I brought Tim into Addante and Associates and we worked on various projects together. Addante and Associates had a number of projects going at the same time. Including everything from one-off development consulting projects, to building an auction site for Ticketmaster (called TicketExchange, recently launched), to developing a search engine, email hosting service and an online photo slideshow site. Some ideas lasted months, others lasted hours. We used some of the proceeds from these consulting projects to fund the development of StrongMail, along with personal funds. StrongMail was originally supposed to be the email infrastructure for the DHARMA project. We needed an email delivery infrastructure solution that was easy to operate and maintain, cost-efficient, could scale to handle millions of email messages, address the needs of a wide-variety of customer demands and could later be expanded to deal with other forms of digital messaging (e.g. SMS, MMS, Instant Messaging, etc.) Our “little project” turned into something that had enormous potential and wide-reaching demand. From there, we focused all of our attention on StrongMail…

4. “Go-to-Market”

Halfway through the development of StrongMail, we realized that every company that was using email had the same needs and went through the same rigorous process of developing custom infrastructure. About 80% of any email application is the same. Companies were spending most of their time developing the plumbing behind their email applications and a very small percentage of their time on the business logic. We thought that if we could invert that percentage that we could advance the way the world uses digital messaging to communicate. So, we decided to focus on developing a turnkey, digital messaging infrastructure solution that we could supply to enterprises, service providers and software developers. With StrongMail software, companies could focus on their business logic and create innovative email applications without having to worry about the underlying plumbing. Now, finally, we would see advancements in the way people use email!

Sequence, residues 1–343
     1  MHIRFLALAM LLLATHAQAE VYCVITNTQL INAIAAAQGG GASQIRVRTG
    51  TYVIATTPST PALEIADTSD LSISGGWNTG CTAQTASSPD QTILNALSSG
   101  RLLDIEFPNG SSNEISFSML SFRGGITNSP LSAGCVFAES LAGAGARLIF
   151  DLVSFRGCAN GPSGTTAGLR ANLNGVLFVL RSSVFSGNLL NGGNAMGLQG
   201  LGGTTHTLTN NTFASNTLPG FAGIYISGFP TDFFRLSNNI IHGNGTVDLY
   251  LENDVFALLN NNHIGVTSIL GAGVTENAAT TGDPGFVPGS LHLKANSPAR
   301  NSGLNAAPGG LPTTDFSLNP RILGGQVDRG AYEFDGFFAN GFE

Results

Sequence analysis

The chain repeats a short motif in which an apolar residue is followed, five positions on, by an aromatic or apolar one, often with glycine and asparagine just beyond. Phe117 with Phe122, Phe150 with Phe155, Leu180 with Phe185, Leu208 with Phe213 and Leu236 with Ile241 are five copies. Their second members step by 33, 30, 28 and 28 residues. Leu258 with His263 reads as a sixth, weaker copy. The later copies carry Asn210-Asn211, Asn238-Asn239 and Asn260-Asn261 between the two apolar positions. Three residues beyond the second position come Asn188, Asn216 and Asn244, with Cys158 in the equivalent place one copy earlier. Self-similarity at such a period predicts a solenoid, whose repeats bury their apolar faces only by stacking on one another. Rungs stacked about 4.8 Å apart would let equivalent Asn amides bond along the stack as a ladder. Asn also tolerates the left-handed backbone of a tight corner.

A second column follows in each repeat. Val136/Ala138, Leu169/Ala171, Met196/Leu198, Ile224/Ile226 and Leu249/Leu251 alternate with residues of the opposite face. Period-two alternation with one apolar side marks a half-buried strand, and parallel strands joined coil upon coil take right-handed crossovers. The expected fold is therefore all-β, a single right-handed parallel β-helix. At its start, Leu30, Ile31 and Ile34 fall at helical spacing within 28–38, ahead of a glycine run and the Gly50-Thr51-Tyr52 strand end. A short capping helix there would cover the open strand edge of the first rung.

We invested the first $1 million to develop version 1.0 of the product, file patents, hire a small sales team and launch a marketing program to take StrongMail to market. It took us about 18 months to develop and prepare the product. Within 3 months of launching the product, we were cash-flow positive.

5. “Spam Changes Everything”

Not so fast… While we were getting the product ready for market, email broke. All of this stuff started happening around us – spam, phishing, regulatory compliance requirements (e.g. SOX, HIPAA, CAN-SPAM)… Everything changed. Now, email systems around the world were breaking. Receivers were trying to block and tackle spam and senders were trying to keep up with all of the change. At first, I thought this was going to destroy our business – email was no longer trustworthy. Then, the opportunity became clear. With all of the changes came new laws, new protocols, new industry standards and a whole lot of complexity. These things would require every company in the world to adapt their existing email infrastructure to deal with the changes, and keep up with the rapidly evolving requirements. It turned out that this drove even more demand for StrongMail. This became the immediate compelling event.